For this in-depth discussion of ceramic coatings, we sought the input of “Ted,” our local trusted professional detailer to get the real scoop on the pros and cons of ceramic coatings. Ted is one of the go-to detailers in the Phoenix area for Corvette owners, as well as countless other high-end vehicles. He’s the only detailer trusted with the NICOclub fleet of priceless classics as well as our daily drivers, and he agreed to answer all of my questions so I can pass them along to you guys.
According to Ted, ceramic coatings are basically nano-sized particles usually made up of SiO2 (silicon dioxide) and sometimes TiO2 (titanium dioxide). The particles are generally suspended in a type of resin. When spread out on paint, the volatile organic compounds (VOCs) in the resin will evaporate away and aid the nano particles in spreading out and bonding with the paint. The ceramic molecules are so small, they even fill pores in the paint. This gives the coating a very hydrophobic property (meaning water repellent) and provides the extreme water beading characteristic of a good ceramic coating. Properly-applied, the chemical bond it forms is often very strong and can allow the coating to last several years. Coating manufacturers will change the silicon and titanium mixtures, the resin content, and solids densities to affect the durability, hydrophobicity vs. sheeting properties, and whether the coatings can be layered on top of each other.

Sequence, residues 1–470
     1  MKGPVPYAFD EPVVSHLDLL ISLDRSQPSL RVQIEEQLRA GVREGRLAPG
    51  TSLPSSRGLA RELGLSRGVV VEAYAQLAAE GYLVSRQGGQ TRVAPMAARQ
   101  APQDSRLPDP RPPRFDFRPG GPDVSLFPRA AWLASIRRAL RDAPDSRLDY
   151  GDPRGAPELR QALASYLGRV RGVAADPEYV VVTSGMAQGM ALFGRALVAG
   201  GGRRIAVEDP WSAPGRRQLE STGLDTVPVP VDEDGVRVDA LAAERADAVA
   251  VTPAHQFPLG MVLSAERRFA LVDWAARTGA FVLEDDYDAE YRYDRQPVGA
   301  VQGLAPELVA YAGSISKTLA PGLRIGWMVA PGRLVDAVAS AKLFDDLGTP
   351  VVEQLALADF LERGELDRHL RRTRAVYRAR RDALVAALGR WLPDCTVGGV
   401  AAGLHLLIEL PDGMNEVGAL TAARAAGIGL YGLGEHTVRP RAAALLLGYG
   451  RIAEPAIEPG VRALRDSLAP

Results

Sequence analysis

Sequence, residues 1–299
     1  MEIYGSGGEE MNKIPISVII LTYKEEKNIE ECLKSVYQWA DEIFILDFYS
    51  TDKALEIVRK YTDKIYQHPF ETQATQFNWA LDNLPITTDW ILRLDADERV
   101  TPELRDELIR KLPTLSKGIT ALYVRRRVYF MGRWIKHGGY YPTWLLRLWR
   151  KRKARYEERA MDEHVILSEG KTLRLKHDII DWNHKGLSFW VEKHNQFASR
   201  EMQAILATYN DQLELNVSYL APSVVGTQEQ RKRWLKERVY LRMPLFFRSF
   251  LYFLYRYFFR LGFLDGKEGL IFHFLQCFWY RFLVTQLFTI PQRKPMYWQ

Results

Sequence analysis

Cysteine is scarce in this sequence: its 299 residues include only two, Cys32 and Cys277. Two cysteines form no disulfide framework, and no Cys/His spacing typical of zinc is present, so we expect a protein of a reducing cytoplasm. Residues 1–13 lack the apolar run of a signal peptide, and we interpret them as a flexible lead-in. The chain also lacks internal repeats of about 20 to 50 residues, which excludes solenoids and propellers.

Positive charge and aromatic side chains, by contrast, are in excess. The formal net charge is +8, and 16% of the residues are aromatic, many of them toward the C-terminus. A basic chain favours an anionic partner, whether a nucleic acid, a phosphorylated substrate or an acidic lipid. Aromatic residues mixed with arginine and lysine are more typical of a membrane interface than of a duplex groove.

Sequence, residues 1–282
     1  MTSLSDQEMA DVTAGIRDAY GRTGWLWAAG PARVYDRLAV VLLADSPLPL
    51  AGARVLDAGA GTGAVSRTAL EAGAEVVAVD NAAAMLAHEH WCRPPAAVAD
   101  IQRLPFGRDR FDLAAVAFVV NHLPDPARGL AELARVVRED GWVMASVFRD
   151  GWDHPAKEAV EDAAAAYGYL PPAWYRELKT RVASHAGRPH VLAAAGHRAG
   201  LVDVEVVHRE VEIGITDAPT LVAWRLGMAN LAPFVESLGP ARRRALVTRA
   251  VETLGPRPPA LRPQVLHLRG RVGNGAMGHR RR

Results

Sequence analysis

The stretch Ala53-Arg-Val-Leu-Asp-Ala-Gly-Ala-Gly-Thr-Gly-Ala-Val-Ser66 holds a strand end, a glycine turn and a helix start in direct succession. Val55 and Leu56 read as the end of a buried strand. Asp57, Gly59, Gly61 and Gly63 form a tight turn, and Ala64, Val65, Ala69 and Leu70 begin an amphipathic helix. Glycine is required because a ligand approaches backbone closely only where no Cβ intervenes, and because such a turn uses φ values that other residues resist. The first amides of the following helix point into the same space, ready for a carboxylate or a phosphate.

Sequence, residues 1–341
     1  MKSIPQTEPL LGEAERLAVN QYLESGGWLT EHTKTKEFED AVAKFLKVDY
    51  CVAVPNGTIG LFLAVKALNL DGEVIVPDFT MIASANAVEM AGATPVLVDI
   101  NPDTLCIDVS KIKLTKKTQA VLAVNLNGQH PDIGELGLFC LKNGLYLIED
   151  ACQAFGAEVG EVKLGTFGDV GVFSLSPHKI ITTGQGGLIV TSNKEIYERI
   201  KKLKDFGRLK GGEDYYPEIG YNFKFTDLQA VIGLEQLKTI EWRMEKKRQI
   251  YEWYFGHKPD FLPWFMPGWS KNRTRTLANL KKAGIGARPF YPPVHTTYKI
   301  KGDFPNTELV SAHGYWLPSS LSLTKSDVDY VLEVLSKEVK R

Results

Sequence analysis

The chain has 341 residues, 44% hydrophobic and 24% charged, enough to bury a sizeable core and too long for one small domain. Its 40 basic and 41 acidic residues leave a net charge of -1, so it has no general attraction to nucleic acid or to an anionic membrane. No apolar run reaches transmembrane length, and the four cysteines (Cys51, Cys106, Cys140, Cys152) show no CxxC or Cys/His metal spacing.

The benefits of ceramic paint coating systems are they tend to be far more durable than wax or sealants. They can last several years in some cases. A nano ceramic coated car can be easier to clean and will naturally collect less dust and dirt. The coating generally also offers more UV protection than wax. Some coatings claim to increase the hardness which SHOULD make the paint more scratch resistant.
Sounds like an ideal product, right? The reality is, there are some drawbacks to ceramic coatings. Although they are durable, almost all brands are susceptible to hard water spotting. They must be cleaned just as often as uncoated cars. Bird droppings and bugs can also mar the actual coating, just like the clear coat on an uncoated car. Coatings can not prevent all rock chips and scratches that would scratch an uncoated car.
The nano particles are too small to fill in swirl marks, like a wax can. So, it is important to try to correct a paint surface prior to installing a coating, otherwise any haziness, swirls, or defects are permanently “locked in” by the coating. Also, a paint must usually be completely free of all old waxes, oils, and road film prior to application, or the coating will not properly bond. Other hazards include how the solvent in the resin is allowed to cure, especially during humid conditions. Sometimes, certain coatings must be cured by expensive infrared (IR) lights.